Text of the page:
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Logitech Harmony 1000 Review
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Watching what you like.
When Logitech discontinued the television program guide feature on the entire Harmony line, they left one small memento: the favorite channels capability. For the Harmony 1000 this means that each television-viewing activity can have up to 24 favorite channel macros spread over 3 pages, accessed by a heart-shaped icon in the top-right corner of that activity. Entering a new favorite simply involves typing in the name (5 or 6 characters is the displayable limit) and channel number – the Harmony will automatically add any other commands that need to be sent with the number, such as [0] before short numbers or [Enter] at the end, based on the profile created for your model.

For decoration each favorite channel can have a small custom network logo attached. The software allows uploading full color icons in JPEG, PNG or GIF format. None are included with the software, and the icon size is smaller than that of other color Harmony remotes such as the 880 or 890. Nevertheless I attempted using icons prepared for those models – resizing something smaller usually has acceptable results – but alas that was far from the case here, with icons appearing jagged and fuzzy. The online help indicated that the correct icon size was 27 by 23 pixels, however even pre-resizing bitmaps to those dimensions continued to produce unacceptable results on the LCD.

After careful analysis I determined that the space occupied on-screen by the icons was 36 by 32 pixels, however they were being resized smaller and compressed heavily before being crudely re-enlarged for display on the remote. Conveniently, as I was finishing the writing of this review Logitech fixed the issue by finally accepting images in 36 by 32 pixel dimensions... although the problem had already existed for over a year.

There are two other places where custom graphics can be uploaded. The first is the background image used by all screens – Logitech provides several alternates if the default wavy blue one doesn’t suit, and also allows you to upload a custom 320 by 240 pixel image.

The second place is the remote’s built-in slideshow feature. When docked in the charger the Harmony can be configured to sequentially display static pictures, much like a digital photo frame. Up to eight 320 by 240 resolution images can be used, with a customizable delay between each photo. Two caveats to this feature: the Harmony tends to make a noticeable buzzing noise if the screen is on while docked, and the slideshow will only play until the LCD normally times out (which could be 10-20 seconds).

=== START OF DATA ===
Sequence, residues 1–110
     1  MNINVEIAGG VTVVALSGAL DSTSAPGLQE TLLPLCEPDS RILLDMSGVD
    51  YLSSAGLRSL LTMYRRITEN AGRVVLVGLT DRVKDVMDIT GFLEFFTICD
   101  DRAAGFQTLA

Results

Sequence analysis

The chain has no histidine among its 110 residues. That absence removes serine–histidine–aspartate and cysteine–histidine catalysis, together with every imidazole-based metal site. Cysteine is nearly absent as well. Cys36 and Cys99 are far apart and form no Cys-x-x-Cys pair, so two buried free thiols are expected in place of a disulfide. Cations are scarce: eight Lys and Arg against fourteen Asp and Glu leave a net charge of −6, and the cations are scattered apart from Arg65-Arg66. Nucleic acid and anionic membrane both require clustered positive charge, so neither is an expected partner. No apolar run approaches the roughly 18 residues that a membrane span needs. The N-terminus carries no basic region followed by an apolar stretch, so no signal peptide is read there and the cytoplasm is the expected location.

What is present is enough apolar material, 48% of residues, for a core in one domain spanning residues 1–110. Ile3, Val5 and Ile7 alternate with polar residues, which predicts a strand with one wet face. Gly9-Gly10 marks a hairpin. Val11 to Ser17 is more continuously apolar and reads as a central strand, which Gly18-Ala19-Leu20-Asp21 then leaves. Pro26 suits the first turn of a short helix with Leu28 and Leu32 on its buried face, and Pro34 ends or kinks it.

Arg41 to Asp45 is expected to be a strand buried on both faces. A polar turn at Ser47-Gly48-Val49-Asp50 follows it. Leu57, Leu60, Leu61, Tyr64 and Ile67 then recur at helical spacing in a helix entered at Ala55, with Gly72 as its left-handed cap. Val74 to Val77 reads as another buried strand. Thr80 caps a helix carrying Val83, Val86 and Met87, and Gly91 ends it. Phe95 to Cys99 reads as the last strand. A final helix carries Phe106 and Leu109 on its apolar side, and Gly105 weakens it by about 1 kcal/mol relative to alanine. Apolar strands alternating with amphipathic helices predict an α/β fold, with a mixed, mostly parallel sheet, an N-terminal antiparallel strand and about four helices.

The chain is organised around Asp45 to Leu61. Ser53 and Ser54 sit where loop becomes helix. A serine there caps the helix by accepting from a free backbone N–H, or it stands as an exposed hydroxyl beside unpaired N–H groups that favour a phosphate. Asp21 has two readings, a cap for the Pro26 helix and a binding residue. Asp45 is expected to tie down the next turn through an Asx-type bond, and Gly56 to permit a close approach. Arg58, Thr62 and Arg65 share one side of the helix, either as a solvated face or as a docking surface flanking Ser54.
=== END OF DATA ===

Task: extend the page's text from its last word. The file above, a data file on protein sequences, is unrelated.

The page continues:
Speed up your remote in 4 easy steps.
One device option that doesn’t get much attention is “adjust the delays”. This is used to tell the Harmony exactly how quickly your devices are capable of responding to infrared commands. Up to four settings are available depending on the device: the amount of time after powering on before your device will respond to a command, the minimum amount of time between two consecutive commands, the amount of time after selecting an input before it will respond to the next command, and the amount of time after a command to another device is sent before it will accept its own commands. Values can be between 0 and 25 seconds, in 100 millisecond increments.

As I have commented on in previous Harmony reviews, the default values selected by the software are, in most cases, extremely conservative. Almost all of my devices came with a 400 or 500 millisecond setting for the “inter-key delay”, when I know for a fact that they will respond correctly at 100ms or less. At 500ms, if you quickly tap “Volume Up” eight times it will take the Harmony on the order of 4 seconds to finish sending those buffered taps. If you own a Harmony and your activity switching macros are taking a long time to run, or the remote just seems to be slow to respond to your button presses, it can be worth experimenting with reducing these values.

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